PEG Answers Bill Keller On Religion

Retiring New York Times editor Bill Keller has a column out arguing that candidates should be asked “tougher” questions about their religion.

Tim Carney mocked the column for labeling the Catholic Rick Santorum an Evangelical Christian, and indeed it’s easy to mock the secular Times as seeing all Christians as the same. And sure, though he never comes out and says it, it seems that there’s a bit of a “let’s pin those crazy theocrats” undercurrent to Mr Keller’s column. But I do think the column’s central point — that religion in general, and Presidential candidates’ in particular, matters, and thus should be treated seriously — is quite right.

If “hard secularists” and religiously-motivated political actors have one thing in common, it’s that they think religion is important, and that’s as good a starting point for discussion as any.

In a blog post attendant to the column, Mr Keller lays out a few questions he’d like presidential candidates to answer. Although I haven’t officially formed my exploratory committee, allow me to say how I would answer if I was a presidential candidate. (And also how I would like a Christian presidential candidate to answer.)

1. Is it fair to question presidential candidates about details of their faith?

It’s absolutely fair to question presidential candidates about anything that could affect what kind of president they will be.

2. Is it fair to question candidates about controversial remarks made by their pastors, mentors, close associates or thinkers whose books they recommend?


3. (a) Do you agree with those religious leaders who say that America is a “Christian nation” or “Judeo-Christian nation?” (b) What does that mean in practice?

I’m not sure what I can say about the words of unnamed “religious leaders.”

I can tell you what I think.

I think that the principles on which America was founded draw on a number of intellectual traditions, including ideas that are common to the Judeo-Christian faiths. I think that the ideals of self-determination and individualism, and indeed of the separation of church and state, have many roots, but one of the main roots is the Bible. It was Jesus who said his kingdom is not of this world, and who said we should give back to Cesar what belongs to Cesar, and implicit in the New Testament is the idea that a person’s choices determine their fate, not their station at birth.

I think that many people came to America specifically to practice their religion in peace and freedom, and that therefore our history and collective imagination is weaved through with religious fervor in a way that is unique among nations, and that this is good. I think that religion plays a positive role in American society and culture in getting people to care for their fellow Americans, their communities, and yes, sometimes to work towards policies that they believe are best for the common good.

I think that America should and does welcome everyone, regardless of religious belief or ethnicity. I think that the fact that many of our principles come from the Judeo-Christian tradition does not mean that they’re not universal; indeed, the opposite.

4. If you encounter a conflict between your faith and the Constitution and laws of the United States, how would you resolve it? Has that happened, in your experience?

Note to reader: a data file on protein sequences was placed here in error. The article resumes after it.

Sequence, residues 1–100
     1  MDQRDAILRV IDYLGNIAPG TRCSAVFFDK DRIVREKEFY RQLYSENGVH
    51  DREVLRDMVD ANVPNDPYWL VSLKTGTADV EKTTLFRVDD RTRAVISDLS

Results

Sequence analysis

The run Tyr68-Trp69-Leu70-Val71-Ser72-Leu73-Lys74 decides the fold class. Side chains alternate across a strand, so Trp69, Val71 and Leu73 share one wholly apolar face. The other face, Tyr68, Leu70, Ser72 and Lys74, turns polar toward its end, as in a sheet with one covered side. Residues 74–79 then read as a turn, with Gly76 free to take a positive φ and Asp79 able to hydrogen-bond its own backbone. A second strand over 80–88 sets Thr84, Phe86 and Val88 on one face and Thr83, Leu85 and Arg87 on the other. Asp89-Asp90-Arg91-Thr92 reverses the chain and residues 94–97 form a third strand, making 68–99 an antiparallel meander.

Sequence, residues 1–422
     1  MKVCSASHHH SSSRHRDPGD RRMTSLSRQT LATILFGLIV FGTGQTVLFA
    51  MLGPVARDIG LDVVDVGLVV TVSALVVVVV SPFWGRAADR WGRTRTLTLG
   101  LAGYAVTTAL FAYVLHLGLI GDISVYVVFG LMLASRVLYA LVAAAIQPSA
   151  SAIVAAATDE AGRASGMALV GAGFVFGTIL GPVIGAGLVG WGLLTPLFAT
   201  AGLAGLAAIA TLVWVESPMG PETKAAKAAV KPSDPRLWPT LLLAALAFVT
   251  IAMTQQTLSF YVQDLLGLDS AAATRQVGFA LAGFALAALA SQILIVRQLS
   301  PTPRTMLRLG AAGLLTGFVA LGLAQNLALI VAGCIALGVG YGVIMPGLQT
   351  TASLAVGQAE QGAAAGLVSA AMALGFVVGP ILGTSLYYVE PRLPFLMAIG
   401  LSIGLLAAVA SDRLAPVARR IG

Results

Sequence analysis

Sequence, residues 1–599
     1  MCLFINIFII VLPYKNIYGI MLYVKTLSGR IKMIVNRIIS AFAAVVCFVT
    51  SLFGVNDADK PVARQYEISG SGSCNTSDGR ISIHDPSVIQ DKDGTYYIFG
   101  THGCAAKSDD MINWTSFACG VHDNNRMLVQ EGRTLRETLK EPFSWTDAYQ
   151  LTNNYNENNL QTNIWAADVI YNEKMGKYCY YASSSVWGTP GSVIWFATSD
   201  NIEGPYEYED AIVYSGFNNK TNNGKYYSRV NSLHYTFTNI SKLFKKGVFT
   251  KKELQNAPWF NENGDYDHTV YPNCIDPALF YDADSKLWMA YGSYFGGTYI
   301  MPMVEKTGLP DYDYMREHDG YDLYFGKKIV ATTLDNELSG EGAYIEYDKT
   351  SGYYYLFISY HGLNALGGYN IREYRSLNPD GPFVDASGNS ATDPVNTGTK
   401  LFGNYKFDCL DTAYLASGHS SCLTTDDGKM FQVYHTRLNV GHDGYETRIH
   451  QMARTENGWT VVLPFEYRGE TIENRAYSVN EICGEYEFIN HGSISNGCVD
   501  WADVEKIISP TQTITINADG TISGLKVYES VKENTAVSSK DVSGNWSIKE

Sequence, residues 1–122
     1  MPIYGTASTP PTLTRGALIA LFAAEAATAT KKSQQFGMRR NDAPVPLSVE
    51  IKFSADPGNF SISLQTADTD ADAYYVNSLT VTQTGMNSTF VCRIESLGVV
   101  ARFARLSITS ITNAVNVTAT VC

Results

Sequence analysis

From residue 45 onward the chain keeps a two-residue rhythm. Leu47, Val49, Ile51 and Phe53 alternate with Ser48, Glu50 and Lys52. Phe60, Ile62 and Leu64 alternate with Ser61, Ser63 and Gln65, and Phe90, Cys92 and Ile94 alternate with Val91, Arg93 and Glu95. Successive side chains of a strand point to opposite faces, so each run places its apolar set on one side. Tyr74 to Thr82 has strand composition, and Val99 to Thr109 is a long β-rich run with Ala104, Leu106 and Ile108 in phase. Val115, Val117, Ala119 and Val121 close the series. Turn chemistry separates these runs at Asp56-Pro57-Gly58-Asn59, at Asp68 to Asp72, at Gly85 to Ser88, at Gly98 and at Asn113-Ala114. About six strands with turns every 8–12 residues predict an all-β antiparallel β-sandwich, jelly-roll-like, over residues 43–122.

Here’s the oath of office of the president: “I do solemnly swear that I will faithfully execute the Office of President of the United States, and will to the best of my ability, preserve, protect and defend the Constitution of the United States.” That’s the job I aspire to.

I also aspire to promote policies that, to my mind, are the best policies for the common good of the American people. I hope to make the case for these policies on grounds that all Americans can understand. And I hope that’s how Americans will judge me.

5. (a) Would you have any hesitation about appointing a Muslim to the federal bench? (b) What about an atheist?

Here are my criteria for nominating judges: whether I agree with their philosophy of legal interpretation; whether I think they are outstanding Americans of great integrity.

6. Are Mormons Christians, in your view? Should the fact that Mitt Romney and Jon Huntsman are Mormons influence how we think of them as candidates?

I honestly don’t care.

7. What do you think of the evangelical Christian movement known as Dominionism and the idea that Christians, and only Christians, should hold dominion over the secular institutions of the earth?

I think that Dominionism exists largely in the minds of a few agitated cooks and of a lot of media editors based on the coasts of the United States.

And for the record, no, I don’t think Christians, and only Christians, should be able to hold political office. That would be unconstitutional, un-American. And also very stupid.

8. (a) What is your attitude toward the theory of evolution? (b) Do you believe it should be taught in public schools?

a) My attitude toward the theory of evolution is that as far as I can tell it’s settled science, and so I accept it as such. For the record, this is also the stance of the Catholic Church to which I belong. But that’s not why I accept evolution as settled science.

b) I think public schools should teach all kinds of sciences.

9. Do you believe it is proper for teachers to lead students in prayer in public schools?

The federal government’s deficit last year was over a trillion dollars. The national debt is almost fifteen trillion dollars. The unemployment rate is 9.1%. I can’t even keep track of the number of foreign wars we’re in (do drone strikes over Yemen count?).

All of which is to say: I really, really don’t care.